Photo credit: Windell H. Oskay,
on creative engineering and new media art

Mental Radio (2007)

April 23rd, 2008

mental radio

A tool for exploring extrasensory perception

Interactive installation by Ulrika Sparre (2007). Produced at the Interactive Institute with Sparre as Artist in Residence. Programming and interface design by Fredrik Bridell.

Mental Radio contains an archive of drawings. The viewer is invited to try to guess the current drawing, hidden from view, and try to make a similar drawing.

The Mental Radio is inspired by experiments carried out by parapsychologists to explore the existence of extrasensory perception (ESP), in particular the type of experiment known as Ganzfeld (which is not a name, it means “entire field” in German). In such tests, two persons – one sender and one receiver, in separate rooms – try to transfer something telepathically. The receiver wears halves of ping-pong balls over the eyes and headphones with pink noise, to block out the audiovisual senses. The receiver typically watches a randomly selected video and tries to “send” what he or she sees, e.g. by talking out loud while watching it. Afterwards, the receiver gets to see a number of possible matches and is asked to say which one he or she thinks is the one the sender saw.

Another precursor is the series of experiments carried out by Upton Sinclair and his wife Mary, where she would attempt to copy drawings using her telepathic abilities. In this case the receiver is not presented with a range of options to choose from but is asked to draw her impressions directly, and whether or not the copy matches the original is a judgment call.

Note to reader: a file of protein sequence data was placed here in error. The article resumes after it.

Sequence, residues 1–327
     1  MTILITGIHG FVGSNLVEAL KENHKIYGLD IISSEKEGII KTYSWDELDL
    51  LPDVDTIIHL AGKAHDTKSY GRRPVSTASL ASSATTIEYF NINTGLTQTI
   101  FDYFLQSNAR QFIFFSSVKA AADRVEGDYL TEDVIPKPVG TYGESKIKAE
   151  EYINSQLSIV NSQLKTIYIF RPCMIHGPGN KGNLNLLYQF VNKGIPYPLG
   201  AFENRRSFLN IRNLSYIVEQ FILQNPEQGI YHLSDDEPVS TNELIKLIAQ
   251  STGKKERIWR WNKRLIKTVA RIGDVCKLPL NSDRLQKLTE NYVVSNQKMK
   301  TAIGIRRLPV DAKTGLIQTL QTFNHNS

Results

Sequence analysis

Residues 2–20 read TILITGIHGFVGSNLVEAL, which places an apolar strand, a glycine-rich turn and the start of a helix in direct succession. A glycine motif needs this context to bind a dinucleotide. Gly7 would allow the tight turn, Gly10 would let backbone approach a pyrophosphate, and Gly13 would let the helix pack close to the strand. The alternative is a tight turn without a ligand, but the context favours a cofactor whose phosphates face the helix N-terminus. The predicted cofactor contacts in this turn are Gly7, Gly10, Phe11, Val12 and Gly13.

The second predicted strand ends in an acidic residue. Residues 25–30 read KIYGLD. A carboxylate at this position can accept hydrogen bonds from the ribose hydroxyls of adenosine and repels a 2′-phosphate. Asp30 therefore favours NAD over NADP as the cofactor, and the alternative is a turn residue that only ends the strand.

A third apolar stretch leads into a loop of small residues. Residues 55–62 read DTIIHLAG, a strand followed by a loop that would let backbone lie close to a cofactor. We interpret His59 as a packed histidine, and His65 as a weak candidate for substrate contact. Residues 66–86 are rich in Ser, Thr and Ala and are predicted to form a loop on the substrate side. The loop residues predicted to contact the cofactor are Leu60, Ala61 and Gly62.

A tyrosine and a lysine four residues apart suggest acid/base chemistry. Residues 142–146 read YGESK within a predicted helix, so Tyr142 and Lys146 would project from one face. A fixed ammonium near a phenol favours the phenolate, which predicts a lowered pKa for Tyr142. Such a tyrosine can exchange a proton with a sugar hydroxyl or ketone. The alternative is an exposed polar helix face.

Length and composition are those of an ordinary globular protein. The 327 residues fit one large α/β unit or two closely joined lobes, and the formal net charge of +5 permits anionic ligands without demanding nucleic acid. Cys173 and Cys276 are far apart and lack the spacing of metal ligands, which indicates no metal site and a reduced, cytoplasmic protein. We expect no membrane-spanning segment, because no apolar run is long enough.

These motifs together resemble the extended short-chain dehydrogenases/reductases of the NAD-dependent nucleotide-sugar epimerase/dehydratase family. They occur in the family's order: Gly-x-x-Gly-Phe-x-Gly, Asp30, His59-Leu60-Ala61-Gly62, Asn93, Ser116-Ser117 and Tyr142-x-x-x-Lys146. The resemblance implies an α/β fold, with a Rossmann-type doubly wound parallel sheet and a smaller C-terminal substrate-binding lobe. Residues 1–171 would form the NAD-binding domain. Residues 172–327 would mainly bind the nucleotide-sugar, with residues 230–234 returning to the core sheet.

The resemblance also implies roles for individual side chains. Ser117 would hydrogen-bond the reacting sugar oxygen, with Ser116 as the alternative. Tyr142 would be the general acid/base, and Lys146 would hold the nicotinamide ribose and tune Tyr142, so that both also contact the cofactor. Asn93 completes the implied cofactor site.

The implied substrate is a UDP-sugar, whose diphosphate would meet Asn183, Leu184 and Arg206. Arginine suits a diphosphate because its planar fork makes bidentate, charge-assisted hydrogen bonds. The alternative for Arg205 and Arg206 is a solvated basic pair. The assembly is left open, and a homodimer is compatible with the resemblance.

In this piece, artist Ulrika Sparre has loaded a computer with a number of monochrome drawings. (So there is no “sender”, which arguably makes this a case of testing for clairvoyance or remote viewing rather than telepathy). The user walks up to installation, and puts a pen to a wacom graphics tablet. At the touch, a secondary screen lights up and displays one of the original drawings. However, the drawing is hidden behind a plate, so there really is no way of knowing what it displays (at least not using conventional senses). The user tries to to “receive” the drawing and paint a copy of it using the wacom tablet. When the user is done she presses a key on the tablet, after which the screen displays both images (the original and what the user drew) side by side for better comparison. All the images that the users draw are saved on disk along with log files of when they were made and to which original, so it is possible to go back and examine the similarities later on.

I had no part in the artistic aspects of this piece, but I did do all the programming and figuring out of how to design for a system using a wacom pad as the only input. The system uses a wacom tablet, a PC and two screens (one for displaying the original drawings, hidden from view, and one for the drawing). It does not use a mouse and keyboard, only the wacom tablet and the function keys that are on the tablet. There is also a special type of wacom pen that works as a real ink pen, so you can put a regular paper on top of wacom pad and just draw. The sketching software is made to match this behavior, and tries to have the look and feel of drawing with an ink pen on a white sheet of paper. The “interface” is very minimalistic – really just a blank, white fullscreen interface, except for a status line on top that hints at what you are supposed to do next. There is no undo, just like in real life.

The system as such does not make any judgment as to how similar the copy is to the original – this is one of those things that machines really are quite incapable of, at least at present. Sure, we could have done some sort of image comparison, but what’s interesting is the semantic similarity, not the visual.

The software is a Java application that uses JTablet for interfacing with the wacom tablet and Processing for drawing the graphics and saving the files to disk. There is also a pink noise generator, using pd. If anybody is interested in the software, e-mail me.

See also